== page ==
When to Quit

when-to-quitI’m still in a holding pattern as job searching continues. Yesterday I hit the 30 application mark. There’s been progress, but not as quick as I was hoping. There are things I’d like to start planning for. Places to go, work to do on the blog, and writing for the ebook, but all of that needs to wait until the job situation gets settled.

It’s a bit frustrating, but, this is a part of the the lifestyle too. A wise man once said that you can have anything you want in this life, but not everything. Full-timing before retirement? Absolutely doable, but one of the tradeoffs is having to repeatedly job search like this, unless your sitting on a big pile of money or making money another way. This part of RVing is not as glamorous as the traveling parts and not interesting to write about, but it is what it is.

As a part of this grand experiment, every now and then I like to sit down in a quiet spot with no distractions and ask myself, am I still enjoying the ride? And really think about the answer. It’s a practice that might make some people nervous, because what if the answer is no? What if, after all the work and effort you spent changing your life, you finally succeed just to realize it isn’t for you after all?

That’s okay, truly. Better to realize it sooner than later, because you’re saving on the one resource you can never get back, time. In our culture, quitting has a very negative image associated with it. Quitters weren’t strong enough, quitters never get ahead, quitters are losers.

In my opinion, it’s a mark of strength to decide to cut your loses and quit something that isn’t working for you. The trick however is understanding what kind of resistance you’re coming up against, because there are basically two types.

In any new or difficult endeavor, there are going to be walls that you come up against as you push through. And some of them will be hard and you’ll wonder if you shouldn’t just quit, and go back to the way things were. But this isn’t the same as deciding that it isn’t right for you, this type of resistance is born out of fear. Fear that you aren’t strong enough, and it should not stop you from chasing your dreams. If you decide to quit now, when you still really want your dream, you’ll always wonder in the back of your mind, what if?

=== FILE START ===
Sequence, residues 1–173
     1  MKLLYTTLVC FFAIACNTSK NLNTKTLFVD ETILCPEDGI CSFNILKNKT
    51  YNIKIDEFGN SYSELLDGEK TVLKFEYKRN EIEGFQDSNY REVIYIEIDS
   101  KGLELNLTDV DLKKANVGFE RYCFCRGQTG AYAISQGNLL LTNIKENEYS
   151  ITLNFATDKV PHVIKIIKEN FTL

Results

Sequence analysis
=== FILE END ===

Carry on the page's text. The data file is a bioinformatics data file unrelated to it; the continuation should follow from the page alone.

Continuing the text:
But if you come to the conclusion that the dream is no longer what you want, that’s the other kind of resistance, and the kind that it’s okay to turn from. It takes strength to face the first kind of resistance and topple it to keep pushing ahead, it takes strength to face the second kind of resistance and make the deliberate decision to stop, and find another dream. And it takes a measure of wisdom, to tell the difference between the two kinds.

Job searching may be tedious, frustrating, and unpleasant. But when I ask myself if I’m still enjoying the ride, the answer remains Yes. So I continue pushing through, armed with the knowledge that this too shall pass.

* * *

Oh, and the astute (and those following IO on Facebook) might have noticed that there is a new addition to the site.  At the bottom of the page is a little map of where all I went in 2012, as promised.  It’s location might still be changing, I’m experimenting with the best place to put it still.  There is also one in the works for this year’s adventure so far.  Much thanks to Julie for headlining both maps!

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At IO I teach people how to ditch the status quo and travel full-time before retirement, and share stories of my adventures (and misadventures) to inspire future nomads and armchair travelers alike. Included at no additional charge: seizing your dreams, living boldly, and making a difference.


  1. Rob on February 2, 2013 at 8:23 pm

    If you do decide to not full time, It has absolutely nothing to do with quitting.

    You may have decided that this phase has run its course, and you are ready for your next adventure.

    Never feel locked into something and follow your desires Becky.

    Best wishes………………………Rob

    • Becky on February 4, 2013 at 11:01 pm

      Indeed, not that I was anywhere close to pulling the plug. I posted this more as a resource for others as it can be applied to quitting many things, not just RVing. Like thinking about whether a job or relationship is serving you well, etc.

      • Sue on January 14, 2018 at 12:35 pm

        Indeed Becky!

        I finally got the strength to quit a marriage that was toxic to me. At the time (~8 years ago) that seemed like such a monumental feat–ending a marriage. But that decision has strengthened me and allowed me to realize so much more potential that I haven’t even tapped into yet. Full-time RVing is the next big “feat” in my life’s journey. I have, at times, had the fear bug bite and try and dissuade me from full-timing. Having been through other significant fear-based decisions, I fully realize that fear is trying to keep me small again.

        I keep pushing through it by doing more research and continuing my downsizing plans. One step at a time…it is all coming together.

        Thank you so much for this blog post. Safe travels!

        • Becky on January 17, 2018 at 1:16 pm